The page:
Bucchi breaks rule of forty days

A jaan buchi delivered a beautiful baby boy last week in a private maternity hospital.  The new born was welcomed. The buchi’s saas was very happy and she threw a grand party to celebrate the occasion.  While all the family members enjoyed deliciously cooked wazwaan, the buchi was given chuth rus (soup). She objected and decides not to have meals. The family members tried their best to make her eat the pheekha food but she was determined. Even the saas failed to change her decision.

Sheru takes strong note of this nonsense. Pregnancy is not an ailment. It is a process. Similarly delivery is also a process and takes womanhood to its zenith.  While the doctors deliver the baby, they open the pregnant woman’s uterus not her stomach. So there is absolutely nothing wrong with her stomach and she, therefore, can eat anything she likes.
Gone are the days when pregnant woman was confined to an airtight room for forty days after delivery. The stinky room would adversely affect her physiology and psychology. For forty days, she would be given hund, kraes and other jadi booties.  She would not be allowed to take a bath for forty days.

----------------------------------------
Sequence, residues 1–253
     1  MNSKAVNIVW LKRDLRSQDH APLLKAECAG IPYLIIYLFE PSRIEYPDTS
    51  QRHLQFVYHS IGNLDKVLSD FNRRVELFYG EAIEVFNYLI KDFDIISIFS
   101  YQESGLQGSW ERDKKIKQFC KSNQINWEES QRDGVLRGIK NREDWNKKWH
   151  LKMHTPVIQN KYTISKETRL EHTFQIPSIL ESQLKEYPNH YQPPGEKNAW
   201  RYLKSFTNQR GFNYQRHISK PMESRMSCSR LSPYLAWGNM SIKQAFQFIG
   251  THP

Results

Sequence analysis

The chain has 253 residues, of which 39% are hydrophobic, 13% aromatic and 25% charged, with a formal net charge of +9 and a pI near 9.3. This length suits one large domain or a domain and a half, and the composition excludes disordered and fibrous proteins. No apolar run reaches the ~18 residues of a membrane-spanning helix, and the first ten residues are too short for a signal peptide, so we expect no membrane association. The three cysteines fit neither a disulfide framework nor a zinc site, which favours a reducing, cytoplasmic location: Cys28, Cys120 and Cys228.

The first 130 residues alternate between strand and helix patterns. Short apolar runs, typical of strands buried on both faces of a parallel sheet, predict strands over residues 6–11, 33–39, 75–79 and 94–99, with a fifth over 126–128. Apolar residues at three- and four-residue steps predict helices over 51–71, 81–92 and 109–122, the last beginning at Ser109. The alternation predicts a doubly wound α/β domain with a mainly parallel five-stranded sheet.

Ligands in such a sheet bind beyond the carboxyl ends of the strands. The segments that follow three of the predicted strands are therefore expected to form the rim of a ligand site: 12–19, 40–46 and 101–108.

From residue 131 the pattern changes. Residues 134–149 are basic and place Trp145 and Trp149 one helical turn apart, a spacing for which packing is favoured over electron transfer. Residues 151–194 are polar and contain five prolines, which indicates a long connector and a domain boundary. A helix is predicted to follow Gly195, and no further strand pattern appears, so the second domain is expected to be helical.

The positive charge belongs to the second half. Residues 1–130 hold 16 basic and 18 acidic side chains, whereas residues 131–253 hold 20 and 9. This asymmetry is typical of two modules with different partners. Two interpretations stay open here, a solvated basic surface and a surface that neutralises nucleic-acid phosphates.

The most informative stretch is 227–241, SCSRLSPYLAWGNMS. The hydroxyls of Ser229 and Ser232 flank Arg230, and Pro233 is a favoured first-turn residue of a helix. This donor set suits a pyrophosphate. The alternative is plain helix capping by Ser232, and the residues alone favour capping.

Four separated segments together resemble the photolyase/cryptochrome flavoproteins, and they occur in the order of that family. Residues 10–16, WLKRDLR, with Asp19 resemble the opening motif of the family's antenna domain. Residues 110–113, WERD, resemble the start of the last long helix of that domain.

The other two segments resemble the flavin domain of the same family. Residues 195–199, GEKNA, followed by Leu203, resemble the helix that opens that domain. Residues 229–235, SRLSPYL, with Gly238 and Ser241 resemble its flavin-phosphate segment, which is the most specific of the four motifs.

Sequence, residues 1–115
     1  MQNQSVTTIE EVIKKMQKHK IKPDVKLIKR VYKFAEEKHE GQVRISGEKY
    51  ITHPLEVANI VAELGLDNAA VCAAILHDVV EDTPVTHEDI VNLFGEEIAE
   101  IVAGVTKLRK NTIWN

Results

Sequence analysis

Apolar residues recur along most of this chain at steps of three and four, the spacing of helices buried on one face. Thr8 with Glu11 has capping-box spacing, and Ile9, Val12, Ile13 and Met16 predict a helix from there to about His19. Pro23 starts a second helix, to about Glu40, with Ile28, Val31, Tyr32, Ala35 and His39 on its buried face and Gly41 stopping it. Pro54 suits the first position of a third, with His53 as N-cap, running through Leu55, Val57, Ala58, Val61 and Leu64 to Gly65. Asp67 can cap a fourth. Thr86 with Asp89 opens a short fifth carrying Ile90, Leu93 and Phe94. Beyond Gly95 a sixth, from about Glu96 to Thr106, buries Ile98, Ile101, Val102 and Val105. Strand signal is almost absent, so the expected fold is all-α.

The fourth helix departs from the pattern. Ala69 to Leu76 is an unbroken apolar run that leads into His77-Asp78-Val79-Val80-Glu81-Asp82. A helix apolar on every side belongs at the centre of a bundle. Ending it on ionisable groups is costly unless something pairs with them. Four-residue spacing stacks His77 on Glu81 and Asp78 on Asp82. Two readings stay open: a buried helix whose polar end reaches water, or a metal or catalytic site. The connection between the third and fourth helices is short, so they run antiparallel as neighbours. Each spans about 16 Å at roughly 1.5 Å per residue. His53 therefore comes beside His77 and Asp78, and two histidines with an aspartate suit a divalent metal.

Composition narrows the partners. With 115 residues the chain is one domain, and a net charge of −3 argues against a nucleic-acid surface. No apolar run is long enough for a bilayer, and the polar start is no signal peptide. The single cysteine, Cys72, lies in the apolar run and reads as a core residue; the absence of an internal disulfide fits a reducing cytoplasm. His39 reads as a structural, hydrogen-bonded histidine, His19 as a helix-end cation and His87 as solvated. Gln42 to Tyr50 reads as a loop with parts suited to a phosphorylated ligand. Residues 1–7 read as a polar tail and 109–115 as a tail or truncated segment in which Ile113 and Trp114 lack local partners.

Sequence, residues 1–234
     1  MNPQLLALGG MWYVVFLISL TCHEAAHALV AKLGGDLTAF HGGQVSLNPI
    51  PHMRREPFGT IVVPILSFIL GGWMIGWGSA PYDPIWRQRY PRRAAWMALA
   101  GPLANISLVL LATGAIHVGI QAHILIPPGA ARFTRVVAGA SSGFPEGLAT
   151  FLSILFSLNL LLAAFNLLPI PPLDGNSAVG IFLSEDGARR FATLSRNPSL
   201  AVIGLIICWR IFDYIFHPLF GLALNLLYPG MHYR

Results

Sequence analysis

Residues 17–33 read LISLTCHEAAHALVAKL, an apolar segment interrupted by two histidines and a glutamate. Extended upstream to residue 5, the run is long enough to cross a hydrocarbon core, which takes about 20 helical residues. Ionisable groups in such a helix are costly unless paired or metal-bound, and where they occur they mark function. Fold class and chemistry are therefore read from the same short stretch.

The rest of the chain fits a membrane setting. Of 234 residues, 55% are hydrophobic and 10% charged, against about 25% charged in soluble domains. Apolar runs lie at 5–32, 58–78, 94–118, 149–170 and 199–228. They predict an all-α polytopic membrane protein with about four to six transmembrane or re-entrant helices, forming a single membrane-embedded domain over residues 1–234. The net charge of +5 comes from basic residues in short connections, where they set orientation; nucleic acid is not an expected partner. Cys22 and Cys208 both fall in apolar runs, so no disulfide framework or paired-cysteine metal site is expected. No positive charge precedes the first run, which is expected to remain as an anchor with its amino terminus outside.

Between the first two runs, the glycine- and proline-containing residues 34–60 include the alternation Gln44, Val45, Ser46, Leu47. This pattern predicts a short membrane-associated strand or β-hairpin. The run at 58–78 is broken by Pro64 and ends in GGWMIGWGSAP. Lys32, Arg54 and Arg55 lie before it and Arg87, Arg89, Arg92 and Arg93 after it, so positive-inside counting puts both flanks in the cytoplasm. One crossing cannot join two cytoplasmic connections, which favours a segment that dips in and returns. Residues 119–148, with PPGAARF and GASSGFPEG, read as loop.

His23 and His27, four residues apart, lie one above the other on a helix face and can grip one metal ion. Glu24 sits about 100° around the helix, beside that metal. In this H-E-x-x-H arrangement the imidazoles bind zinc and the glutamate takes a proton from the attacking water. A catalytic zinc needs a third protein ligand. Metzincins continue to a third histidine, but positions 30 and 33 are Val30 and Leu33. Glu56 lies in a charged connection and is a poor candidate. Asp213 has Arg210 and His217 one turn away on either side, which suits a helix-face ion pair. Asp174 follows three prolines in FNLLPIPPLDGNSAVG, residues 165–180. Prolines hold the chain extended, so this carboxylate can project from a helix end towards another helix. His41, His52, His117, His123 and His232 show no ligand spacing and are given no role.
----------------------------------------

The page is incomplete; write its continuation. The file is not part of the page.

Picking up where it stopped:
Now the times have changed and so have the tastes of the buchies. Sheru knows a woman who went to get her stitches removed after eight days of Caesarean. After coming back, she made her husband enter a restaurant and order a kanti. The poor husband wondered. What if my mother sees her taking chutpati kanti? The husband received another shock back home. The madam went into her room and took some time to come down. The husband rushed to the room only to find water trickling down from her zulfain, hair. Good God! She had taken a bath. The frightened husband folded her hands and requested her to dry her hair before coming to the living room. “It should not appear that you have committed an unpardonable sin,” he told her. The buchi not only smiled but also winked at him. This is women’s liberation at its best. Sheru wishes the bold buchi best of luck. This is how shackles can be broken. Long live the buchi.
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